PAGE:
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Afterglow Jazz and American Popular Song

Popular Song On the Picket Lines

A look at "social significance" music from the 1930s and 40s that alluded in humorous, overtly political, or poignant ways to issues and problems of the times.

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Work Pays America

Photo: Public domain

The Works Progress Administration employed artists through its Federal Writing Project and Federal Theater programs, but it also came in for some satire from Louis Armstrong and the Mills Brothers.

“Popular Song On the Picket Lines” features “social significance” music from the 1930s and 40s that had a political message behind it in one way or another, or alluded in humorous or poignant ways to issues and problems of the times.

Many artists in those years were involved with politics and ideological organizations or movements, often referred to as the Popular Front–much of this activity spurred on by the challenges that the Great Depression had brought to America.

Some of the country’s most popular songwriters and performers composed and recorded social-significance songs, including Irving Berlin, Yip Harburg, Harold Arlen, Duke Ellington, Count Basie, and Cab Calloway.

In addition to music from Popular Front musicals such as Meet the People, Pins and Needles and The Cradle Will Rock, we’ll also hear Billie Holiday performing a live version of the anti-lynching anthem “Strange Fruit,” and an even earlier anti-lynching song written by Irving Berlin and sung by Ethel Waters.

Listen to an NPR story about the song Strange Fruit.

Read about the social-significance musical Meet the People.

Special thanks to members of the Yahoo Songbirds listserv.

Music Heard On This Episode

Meet the People
Dick Powell — Du Barry Was a Lady (Rhino Handmade, 2004)
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Meet the People
Dick Powell — Du Barry Was a Lady (Rhino Handmade, 2004)
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Sing Me a Song With Social Significance
Nancy Stearns — Sing Me a Song With Social Significance...Or Not (Nancy Stearns, 2006)
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Brother, Can You Spare a Dime?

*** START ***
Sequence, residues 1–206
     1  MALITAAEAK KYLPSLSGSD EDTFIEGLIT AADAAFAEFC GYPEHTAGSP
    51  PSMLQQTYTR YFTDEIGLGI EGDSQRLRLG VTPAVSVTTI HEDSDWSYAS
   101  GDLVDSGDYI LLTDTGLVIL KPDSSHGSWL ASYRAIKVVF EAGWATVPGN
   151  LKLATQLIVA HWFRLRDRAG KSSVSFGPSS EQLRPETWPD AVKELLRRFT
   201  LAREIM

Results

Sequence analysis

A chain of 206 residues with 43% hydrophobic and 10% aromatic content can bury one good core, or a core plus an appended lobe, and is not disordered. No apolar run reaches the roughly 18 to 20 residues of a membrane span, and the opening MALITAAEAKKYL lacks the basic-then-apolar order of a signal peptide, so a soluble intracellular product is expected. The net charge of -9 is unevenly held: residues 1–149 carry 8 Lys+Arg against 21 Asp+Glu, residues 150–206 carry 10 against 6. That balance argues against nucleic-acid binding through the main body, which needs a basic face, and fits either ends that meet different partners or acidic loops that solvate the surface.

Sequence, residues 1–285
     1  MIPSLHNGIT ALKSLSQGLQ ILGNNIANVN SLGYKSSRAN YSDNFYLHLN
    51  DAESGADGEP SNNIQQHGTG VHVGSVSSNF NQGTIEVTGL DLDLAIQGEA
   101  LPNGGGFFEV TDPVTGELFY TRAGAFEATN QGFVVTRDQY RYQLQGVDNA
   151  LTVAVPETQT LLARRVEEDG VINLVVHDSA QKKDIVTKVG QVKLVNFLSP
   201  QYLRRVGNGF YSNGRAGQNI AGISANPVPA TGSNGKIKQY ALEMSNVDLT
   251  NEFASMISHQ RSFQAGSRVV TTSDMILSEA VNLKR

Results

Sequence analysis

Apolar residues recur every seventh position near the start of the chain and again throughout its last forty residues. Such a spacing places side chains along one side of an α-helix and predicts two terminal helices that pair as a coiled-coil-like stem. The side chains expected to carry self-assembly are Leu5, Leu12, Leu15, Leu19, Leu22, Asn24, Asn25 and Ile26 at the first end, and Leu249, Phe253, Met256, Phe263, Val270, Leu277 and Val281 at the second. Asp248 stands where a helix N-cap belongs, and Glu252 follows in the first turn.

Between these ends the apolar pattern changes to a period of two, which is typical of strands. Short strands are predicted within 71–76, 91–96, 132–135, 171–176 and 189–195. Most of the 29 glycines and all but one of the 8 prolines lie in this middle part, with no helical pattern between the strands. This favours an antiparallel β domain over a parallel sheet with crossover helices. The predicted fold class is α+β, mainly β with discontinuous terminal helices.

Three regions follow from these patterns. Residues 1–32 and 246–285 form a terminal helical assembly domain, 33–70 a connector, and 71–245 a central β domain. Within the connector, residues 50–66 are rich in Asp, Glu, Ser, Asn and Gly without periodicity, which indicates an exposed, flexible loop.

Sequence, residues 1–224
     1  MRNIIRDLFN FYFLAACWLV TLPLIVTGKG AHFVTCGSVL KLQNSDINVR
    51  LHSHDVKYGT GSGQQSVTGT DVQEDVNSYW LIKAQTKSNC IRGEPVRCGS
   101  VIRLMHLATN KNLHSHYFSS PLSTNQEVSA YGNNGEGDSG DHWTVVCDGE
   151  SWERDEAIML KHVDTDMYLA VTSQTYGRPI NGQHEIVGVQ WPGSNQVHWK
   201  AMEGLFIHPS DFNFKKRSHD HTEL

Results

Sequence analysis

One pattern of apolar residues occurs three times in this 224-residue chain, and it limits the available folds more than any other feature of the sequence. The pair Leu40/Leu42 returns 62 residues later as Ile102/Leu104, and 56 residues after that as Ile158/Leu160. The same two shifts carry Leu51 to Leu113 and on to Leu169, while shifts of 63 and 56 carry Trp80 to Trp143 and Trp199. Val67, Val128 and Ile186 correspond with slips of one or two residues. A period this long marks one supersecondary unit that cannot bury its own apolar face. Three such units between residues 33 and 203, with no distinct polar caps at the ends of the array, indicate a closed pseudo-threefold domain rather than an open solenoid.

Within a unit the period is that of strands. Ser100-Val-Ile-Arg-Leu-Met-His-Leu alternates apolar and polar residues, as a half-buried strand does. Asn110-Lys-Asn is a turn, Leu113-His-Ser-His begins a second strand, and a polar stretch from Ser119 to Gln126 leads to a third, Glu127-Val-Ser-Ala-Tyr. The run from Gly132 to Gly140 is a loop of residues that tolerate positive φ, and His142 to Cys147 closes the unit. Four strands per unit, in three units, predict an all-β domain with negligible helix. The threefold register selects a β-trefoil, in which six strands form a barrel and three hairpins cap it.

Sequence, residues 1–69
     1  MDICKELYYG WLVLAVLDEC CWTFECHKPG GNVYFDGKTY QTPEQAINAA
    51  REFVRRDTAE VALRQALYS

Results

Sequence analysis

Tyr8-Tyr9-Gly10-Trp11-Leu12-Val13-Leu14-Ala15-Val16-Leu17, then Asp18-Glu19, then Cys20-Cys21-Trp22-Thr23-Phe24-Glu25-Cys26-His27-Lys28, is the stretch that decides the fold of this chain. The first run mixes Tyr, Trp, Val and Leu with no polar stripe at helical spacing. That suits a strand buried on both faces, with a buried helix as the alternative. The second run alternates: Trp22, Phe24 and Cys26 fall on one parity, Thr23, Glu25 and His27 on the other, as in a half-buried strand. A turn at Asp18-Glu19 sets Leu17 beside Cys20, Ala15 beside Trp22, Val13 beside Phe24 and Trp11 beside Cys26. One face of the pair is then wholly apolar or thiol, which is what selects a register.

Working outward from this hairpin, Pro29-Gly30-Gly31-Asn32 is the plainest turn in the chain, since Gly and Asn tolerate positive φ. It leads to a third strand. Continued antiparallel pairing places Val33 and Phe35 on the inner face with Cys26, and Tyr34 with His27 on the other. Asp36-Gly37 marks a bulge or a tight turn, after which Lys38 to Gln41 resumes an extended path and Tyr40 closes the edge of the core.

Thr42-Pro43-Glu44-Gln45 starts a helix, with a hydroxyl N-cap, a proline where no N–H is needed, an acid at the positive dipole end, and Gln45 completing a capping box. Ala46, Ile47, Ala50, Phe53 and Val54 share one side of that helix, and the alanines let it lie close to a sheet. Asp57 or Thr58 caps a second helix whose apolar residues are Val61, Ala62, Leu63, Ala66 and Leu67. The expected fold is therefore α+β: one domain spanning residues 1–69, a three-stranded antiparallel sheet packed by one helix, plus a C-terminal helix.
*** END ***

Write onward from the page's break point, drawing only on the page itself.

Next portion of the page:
Bing Crosby — American Songbook Series: E.Y. Harburg (Smithsonian, 1994)
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Slumming On Park Avenue
Mildred Bailey — Complete Columbia Recordings (Mosaic, 2000)
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One Big Union For Two
Cab Calloway — V. 2: 1935-1940 (JSP, 2003)
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Doin' the Reactionary
Cab Calloway — V. 2: 1935-1940 (JSP, 2003)
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When the Idle Poor Become the Idle Rich
Ella Logan — American Songbook Series: E.Y. Harburg (Smithsonian, 1995)
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The Eagle and Me
Carmen McRae — American Songbook Series: E.Y. Harburg (Smithsonian, 1995)
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Ten Cents a Dance
Anita O'Day — Anita O'Day and Billy May Swing Rodgers and Hart (Verve, 2004)
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It's the Same Old South
Count Basie — America's #1 Band (Columbia/Legacy, 2003)
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Jump For Joy
Duke Ellington — Never No Lament (RCA, 2003)
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Suppertime
Ethel Waters
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Strange Fruit
Billie Holiday — Jazz at the Philharmonic (Polygram, 1994)
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F.D.R. Jones
Ella Fitzgerald — The Early Years, Part 1 (GRP, 1997)
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W.P.A.
Louis Armstrong & the Mills Brothers — Complete Decca Sessions 1935-1946 (Mosaic, 2009)
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Nickel Under the Foot
Olive Stanton — And the Cradle Will Rock
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Joe Worker
Mickie Grant — And the Cradle Will Rock
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David Brent Johnson

Born in Indianapolis, Indiana, David Brent Johnson moved to Bloomington in 1991. He is an alumnus of Indiana University, and began working with WFIU in 2002. Currently, David serves as jazz producer and systems coordinator at the station. His interests include literature, history, music, writing, and movies.

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